1. Create a file named sw.js in your src folder. Leave it empty for now.

  2. Register the worker in the app.js with:

    if ('serviceWorker' in navigator) {
        runtime.register()
            .then((registration) => this.logger.info('Service worker is registered', registration))
            .catch((registrationError) => this.logger.error(
                'Service worker failed to register', registrationError,
            ));
    } else {
        this.logger.info('Service worker is not available in this browser.');
    }
    
  3. Make sure it will be copied when you build the application next to the index.html. For instance, with webpack, you can use this plugin (which will also be handy later for caching so I recommend that you use it or something similar).

Note

Even you are using TypeScript, I suggest you rely on plain JavaScript for the SW file. It will be much easier to write and you won't have to worry about transpilation.

Astuce

If you are using Chrome, the Application tab of the dev tools is really useful. It will show you information about the manifest file, the service worker and the used storage.

Astuce

ES6 imports won't work with SW, you must use something like importScripts('/src/js/idb.js'); to import things.

Now the SW is bootstrapped, we can start to use it to:

  • Cache the shell of the app (ie the files it needs to work) and provide offline support. This is done once the SW is installed, so when the installed event has been fired (self represent the SW instance):

    // Name of our static cache.
    const staticCachePrefix = 'static';
    // Update this each time you app shell changes.
    // This way, the SW will have changed and get reinstalled
    // allowing for the new files to be cached.
    const VERSION = '1.0.0';
    const staticCacheName = `${staticCachePrefix}-${VERSION}`;
    
    self.addEventListener('install', (event) => {
        log('Installing SW version:', VERSION);
        // waitUntil is there to make the sure SW is neither paused nor stopped
        // while we expect it to do some work until the promise we passed to it completes.
        // See: https://stackoverflow.com/a/37906330
        event.waitUntil(
            caches.open(staticCacheName)
                .then(cache => {
                    console.log('Caching app shell');
                    // serviceWorkerOption comes from serviceworker-webpack-plugin.
                    // Adapt if needed.
                    cache.addAll(serviceWorkerOption.assets);
                }),
        );
    });
    

    You can then use in your app.js file, in the constructor, something like the code below to display notification to the user about online/offline status:

    this.onOffline = () => this.store.dispatch(isOffline.name);
    this.onOnline = () => this.store.dispatch(isOnline.name);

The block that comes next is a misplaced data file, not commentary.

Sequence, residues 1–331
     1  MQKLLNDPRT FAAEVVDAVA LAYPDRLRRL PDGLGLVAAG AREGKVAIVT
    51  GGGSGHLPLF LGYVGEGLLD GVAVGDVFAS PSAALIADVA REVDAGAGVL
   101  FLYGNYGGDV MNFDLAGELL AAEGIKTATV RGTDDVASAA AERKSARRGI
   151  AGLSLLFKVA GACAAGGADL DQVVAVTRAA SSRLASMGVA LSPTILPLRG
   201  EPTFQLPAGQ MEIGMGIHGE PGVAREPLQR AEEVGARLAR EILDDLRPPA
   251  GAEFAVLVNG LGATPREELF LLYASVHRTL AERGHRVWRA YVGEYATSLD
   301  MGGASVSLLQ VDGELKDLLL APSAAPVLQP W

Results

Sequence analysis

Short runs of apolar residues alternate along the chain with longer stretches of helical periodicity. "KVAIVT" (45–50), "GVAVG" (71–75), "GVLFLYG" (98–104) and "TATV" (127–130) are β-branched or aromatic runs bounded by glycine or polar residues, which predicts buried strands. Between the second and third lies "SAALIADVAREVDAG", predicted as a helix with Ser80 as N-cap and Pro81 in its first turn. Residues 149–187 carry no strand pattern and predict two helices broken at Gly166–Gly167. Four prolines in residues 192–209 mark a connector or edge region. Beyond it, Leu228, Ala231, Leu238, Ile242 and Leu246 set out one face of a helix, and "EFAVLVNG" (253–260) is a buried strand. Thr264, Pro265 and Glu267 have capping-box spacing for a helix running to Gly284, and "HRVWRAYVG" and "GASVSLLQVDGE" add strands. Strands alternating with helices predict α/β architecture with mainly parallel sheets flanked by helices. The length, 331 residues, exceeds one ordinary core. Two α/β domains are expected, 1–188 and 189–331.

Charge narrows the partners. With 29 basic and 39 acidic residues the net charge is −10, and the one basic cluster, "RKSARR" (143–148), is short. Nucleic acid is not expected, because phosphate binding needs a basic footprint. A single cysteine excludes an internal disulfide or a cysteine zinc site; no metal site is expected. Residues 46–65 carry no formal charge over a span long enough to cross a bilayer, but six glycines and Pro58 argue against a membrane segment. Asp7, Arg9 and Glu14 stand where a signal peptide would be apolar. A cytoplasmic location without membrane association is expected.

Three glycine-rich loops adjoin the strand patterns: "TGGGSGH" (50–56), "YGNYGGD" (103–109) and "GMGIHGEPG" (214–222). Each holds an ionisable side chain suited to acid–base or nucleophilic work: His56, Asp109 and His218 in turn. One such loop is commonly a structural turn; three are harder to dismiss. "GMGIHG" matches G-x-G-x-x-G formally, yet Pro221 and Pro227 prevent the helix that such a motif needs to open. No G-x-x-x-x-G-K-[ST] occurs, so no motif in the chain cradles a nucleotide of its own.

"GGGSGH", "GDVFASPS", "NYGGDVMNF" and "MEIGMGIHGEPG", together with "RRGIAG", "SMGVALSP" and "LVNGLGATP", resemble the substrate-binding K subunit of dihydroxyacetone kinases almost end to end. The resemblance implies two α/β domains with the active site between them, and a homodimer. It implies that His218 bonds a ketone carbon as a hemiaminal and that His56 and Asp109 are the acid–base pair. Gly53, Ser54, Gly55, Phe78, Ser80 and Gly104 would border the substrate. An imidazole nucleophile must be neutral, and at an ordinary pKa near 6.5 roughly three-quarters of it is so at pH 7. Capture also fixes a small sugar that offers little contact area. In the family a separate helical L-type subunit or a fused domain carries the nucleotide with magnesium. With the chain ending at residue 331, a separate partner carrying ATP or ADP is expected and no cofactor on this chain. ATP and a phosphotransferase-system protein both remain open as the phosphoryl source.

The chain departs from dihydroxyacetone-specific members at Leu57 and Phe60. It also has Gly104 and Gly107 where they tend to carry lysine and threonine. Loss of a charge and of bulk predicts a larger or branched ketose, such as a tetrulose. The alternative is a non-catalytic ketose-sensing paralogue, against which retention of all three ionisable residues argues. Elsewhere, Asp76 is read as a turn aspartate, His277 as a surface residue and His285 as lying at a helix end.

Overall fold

if (!navigator.onLine) {
        this.store.dispatch(isOffline.name);
    } else {
        this.store.dispatch(isOnline.name);
    }
    
    window.addEventListener('offline', this.onOffline);
    window.addEventListener('online', this.onOnline);
    
  • Catch network requests, for instance to implement dynamic caching.

    self.addEventListener('fetch', (event) => {
        // Let the browser do its default thing
        // for non-GET requests.
        if (event.request.method !== 'GET') {
            return;
        }
    
        event.respondWith(
            caches.match(event.request)
                .then((response) => {
                    return response || fetch(event.request);
                }),
        );
    });
    
  • When offline, you can store data in indexDB to send it as soon as the browser gets online again. To do this, you must listen to the sync event in the SW. You can take inspiration from this code for the SW part and from these utility functions (see a usage here) to achieve this.

Note

There are many caching strategies: with network fallback, cache only, network only, network with cache fallback, cache then network. I won't detail them here. Search on the internet if needed.

Note

Don't forget to clean the cache from time to time. This can be done with:

self.addEventListener('activate', (event) => {
    console.log('Cleaning old cache shell');
    event.waitUntil(
        caches.keys()
            .then((keylist) => Promise.all(
                keylist
                    .filter((key) => key !== staticCacheName && key.startsWith(staticCachePrefix))
                    .map((key) => caches.delete(key))
            )),
    );
});

Finally, you should test you app with lighthouse to check it actually is a PWA. The tool will also check for performance which is a good thing. In the Chrome dev tools, go to the Audit tab, verify that Progressive Web App is checked under the audit section and run the audit. The report should tell you that you have indeed created a PWA (and if not, what you are missing).

Conclusion

To sum up:

  • PWAs are not tied to any framework. You can make a PWA without one or add PWA capabilities to a SPA written with any framework.
  • They are quite fast to develop and allow for good code re-use because you are not making an app distinct from you main web site.
  • You don't have to learn many new technologies, most of the things you will do will be standard we development.
  • You can progressively enhance an app with PWA capabilities.
  • Pay attention to what they support and what they don't before starting and to iOS support.